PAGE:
Growing an Indoor Herb Garden Year-Round

Jason Willkomm
 


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If you love fresh spaghetti sauce or pesto, than you've just got to have fresh basil and other herbs all year round! Sure, a nice 1 X 4 window garden getting at least 4 or 5 hours of direct light from a sunny window will give you something to pinch here and there. Gardens with mint, rosemary, bay leaf, savory, oregano, chervil, sand thyme are some of the easiest to grow this way.

But what if you need your basil. . . and lots of it? Basil and cilantro need just a bit more light, and really prefer 8 hours or more of direct light each day. In addition to this if you want fresh pesto, just a pinch here and there is not going to cut it. Here's what you can do about it.

The goal is a vegatative light cycle (18 hours on), with eight or more direct sun or bright artificial light. Whenever the light levels are low, give them a boost. Two or three fluorescent lights above your plants will greatly increase their growth and yield. You can grow enough basil for a few servings of pesto now and then, and still have enough always at your fingertips.

Or, with a small metal halide light you would have a larger area with better lighting. You could surely produce an abundance of any herbs you choose for your culinary and aromatic delights. Basil would take well to the bright conditions under a metal halide, as it is a Mediterranean, sun loving herb.

It has been said that some herbs grow better, or should be grown in, poor soil. The oils in herbs make them special. Very fast growing herbs often grow plain leaves and stems more quickly than they can produce tasty essential oils. Often you will hear “basil grows better in poor soil" or “your basil will taste better if you don't fertalize". What these people really mean is “don't grow your basil too fast" (sorry to pick on basil).

When growing in a container, it is a little different. The plant still needs some food to grow, and when that food runs out you will need to fertalize. However, as you will see in the next two sections, this is all taken into consideration together with the growth habbits of your herbs.

To keep initial growth rates in control, I use a soil mix with just enough nutrients. Mix 2 parts sphagnum peat to 1 part perlite, and than add 20 percent worm castings. Adjust the Ph of any mix using sphagnum peat moss by adding 2 teaspoons of hydrated lime for every gallon of soil mix. or You can substitute peat with coconut coir or vermiculite, which do not need Ph adjusting. Finally, I add 1 tablespoon of kelp meal for each gallon of soil to add plant hormones and to give beneficial micro-orgnisms something to feed on. Use this mix whenever you transplant.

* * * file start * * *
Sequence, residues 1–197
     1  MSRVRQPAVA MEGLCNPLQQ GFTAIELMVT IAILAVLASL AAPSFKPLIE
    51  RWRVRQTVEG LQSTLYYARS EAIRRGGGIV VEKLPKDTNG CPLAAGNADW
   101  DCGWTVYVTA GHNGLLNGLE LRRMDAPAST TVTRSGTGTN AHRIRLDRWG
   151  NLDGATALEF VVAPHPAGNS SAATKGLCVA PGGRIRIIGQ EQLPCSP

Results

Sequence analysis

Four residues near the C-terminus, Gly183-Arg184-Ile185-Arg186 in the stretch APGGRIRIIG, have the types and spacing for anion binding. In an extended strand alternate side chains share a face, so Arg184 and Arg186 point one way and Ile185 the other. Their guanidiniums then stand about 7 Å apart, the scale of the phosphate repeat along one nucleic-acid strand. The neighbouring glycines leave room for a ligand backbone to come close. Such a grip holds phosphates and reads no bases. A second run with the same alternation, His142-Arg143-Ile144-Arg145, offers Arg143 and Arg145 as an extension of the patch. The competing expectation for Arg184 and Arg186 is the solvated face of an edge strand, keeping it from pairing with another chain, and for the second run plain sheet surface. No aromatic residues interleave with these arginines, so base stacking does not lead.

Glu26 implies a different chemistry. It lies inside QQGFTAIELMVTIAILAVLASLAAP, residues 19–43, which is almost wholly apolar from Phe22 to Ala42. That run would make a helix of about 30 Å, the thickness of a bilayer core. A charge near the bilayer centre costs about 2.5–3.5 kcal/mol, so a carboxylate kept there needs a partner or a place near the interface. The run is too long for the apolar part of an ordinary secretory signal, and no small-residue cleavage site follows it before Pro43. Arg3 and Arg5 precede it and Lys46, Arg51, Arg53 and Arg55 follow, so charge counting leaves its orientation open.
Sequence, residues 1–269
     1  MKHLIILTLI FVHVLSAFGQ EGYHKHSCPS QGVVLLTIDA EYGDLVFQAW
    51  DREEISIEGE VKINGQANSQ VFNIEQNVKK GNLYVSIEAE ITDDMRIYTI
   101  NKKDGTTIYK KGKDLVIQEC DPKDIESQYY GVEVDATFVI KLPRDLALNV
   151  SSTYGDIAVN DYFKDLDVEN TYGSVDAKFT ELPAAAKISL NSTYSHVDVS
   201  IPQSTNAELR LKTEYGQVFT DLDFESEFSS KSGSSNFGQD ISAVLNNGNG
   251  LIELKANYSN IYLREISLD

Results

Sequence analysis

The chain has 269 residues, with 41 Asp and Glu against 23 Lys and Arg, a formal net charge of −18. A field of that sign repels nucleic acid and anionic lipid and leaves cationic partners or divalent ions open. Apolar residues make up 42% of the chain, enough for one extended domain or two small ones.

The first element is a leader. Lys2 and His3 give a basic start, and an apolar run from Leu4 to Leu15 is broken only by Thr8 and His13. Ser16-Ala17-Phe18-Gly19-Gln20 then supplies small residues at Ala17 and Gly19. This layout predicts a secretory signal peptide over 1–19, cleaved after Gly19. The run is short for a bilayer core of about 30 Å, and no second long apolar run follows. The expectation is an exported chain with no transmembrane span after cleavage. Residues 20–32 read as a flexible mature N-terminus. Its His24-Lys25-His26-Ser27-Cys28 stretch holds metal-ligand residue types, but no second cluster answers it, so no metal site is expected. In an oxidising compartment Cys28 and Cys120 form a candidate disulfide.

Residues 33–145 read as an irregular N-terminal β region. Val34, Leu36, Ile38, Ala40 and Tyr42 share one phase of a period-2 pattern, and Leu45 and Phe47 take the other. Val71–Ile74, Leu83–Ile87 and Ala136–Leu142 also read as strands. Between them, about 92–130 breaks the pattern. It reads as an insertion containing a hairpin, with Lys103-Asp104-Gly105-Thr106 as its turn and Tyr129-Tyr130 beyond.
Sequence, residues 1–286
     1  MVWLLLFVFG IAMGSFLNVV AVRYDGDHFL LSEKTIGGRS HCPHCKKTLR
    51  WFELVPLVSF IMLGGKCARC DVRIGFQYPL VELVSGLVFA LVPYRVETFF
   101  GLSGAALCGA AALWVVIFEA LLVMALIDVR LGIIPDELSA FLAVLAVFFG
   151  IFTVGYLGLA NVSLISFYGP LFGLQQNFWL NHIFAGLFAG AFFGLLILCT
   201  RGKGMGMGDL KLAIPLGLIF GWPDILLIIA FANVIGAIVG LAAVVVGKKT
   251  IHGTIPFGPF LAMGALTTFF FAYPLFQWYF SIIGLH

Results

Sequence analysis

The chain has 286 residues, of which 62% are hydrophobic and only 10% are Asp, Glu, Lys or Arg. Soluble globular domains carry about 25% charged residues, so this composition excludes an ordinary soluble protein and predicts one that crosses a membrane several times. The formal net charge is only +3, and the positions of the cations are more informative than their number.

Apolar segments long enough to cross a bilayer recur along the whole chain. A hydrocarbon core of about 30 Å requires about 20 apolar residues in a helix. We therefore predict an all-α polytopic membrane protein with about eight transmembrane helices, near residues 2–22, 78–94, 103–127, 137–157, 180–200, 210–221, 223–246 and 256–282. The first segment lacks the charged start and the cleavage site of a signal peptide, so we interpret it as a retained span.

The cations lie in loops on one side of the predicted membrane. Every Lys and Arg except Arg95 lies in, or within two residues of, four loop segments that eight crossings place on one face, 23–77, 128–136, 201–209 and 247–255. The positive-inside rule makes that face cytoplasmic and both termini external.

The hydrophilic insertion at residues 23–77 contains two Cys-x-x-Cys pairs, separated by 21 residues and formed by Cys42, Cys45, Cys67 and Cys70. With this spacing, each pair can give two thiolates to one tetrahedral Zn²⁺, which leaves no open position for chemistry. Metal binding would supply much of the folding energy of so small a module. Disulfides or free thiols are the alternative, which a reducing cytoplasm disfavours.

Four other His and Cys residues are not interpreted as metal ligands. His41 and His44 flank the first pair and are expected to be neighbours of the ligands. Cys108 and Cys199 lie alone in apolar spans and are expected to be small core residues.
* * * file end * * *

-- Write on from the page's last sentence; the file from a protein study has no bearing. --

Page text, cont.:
If you feel the top of the soil and it is dry, than you need to water. Another way is to pick up the container and check how heavy it is. Your herbs like their soil to drain fast. You need to have containers with holes in the bottom, and you need to add an inch or so of perlite or gravel to the bottom of each container as you transplant. It is best to water thoroughly, but less often. Water the container until some water comes out the bottom.

When the herbs have been in any container for ten days or more, you need to begin feeding them. In a container, the roots are stuck in a small space and quickly mine it free of any nutrients, especially if you were going easy on the nutrients to begin with. Feed with half strength nutrient such as Maxsea 16-16-16 every two weeks.

If you really want to keep your plants healthy, I also recommend 10 ml/gallon Thrive Alive B1 and Maxicrop liquid seaweed in every drop of water you give to your plants. The B1 is vitamins and root hormones, and the seaweed is trace nutrients and plant growth hormones. This will help with essetial oil production. Finally, water basil from around the base. . . it does not like water on its leaves.

As soon as the herbs have grown enough leaves to be pinched without affecting their growth, you can begin using some of the herbs. This is usually about 4 to 6 weeks, depending on the herbs. Herbs like basil are best when harvested before flowers open. You will get your highest essetial oil levels when you harvest at the end of the dark period, assuming you do not leave the lights on 24 hours a day.

Hi, my name is Jason. I have ten years experience growing indoors, under lights. No less than two of these years I was using hydroponics methods. It is my goal to improve the results of every organic and hydroponics gardener through accurate, easy to understand information.

For more information on lighting with fluorescents, go to
Fluorescent Grow Lights for Gardening

For more information on lighting with metal halide, go to
Using Metal Halide Grow Lights

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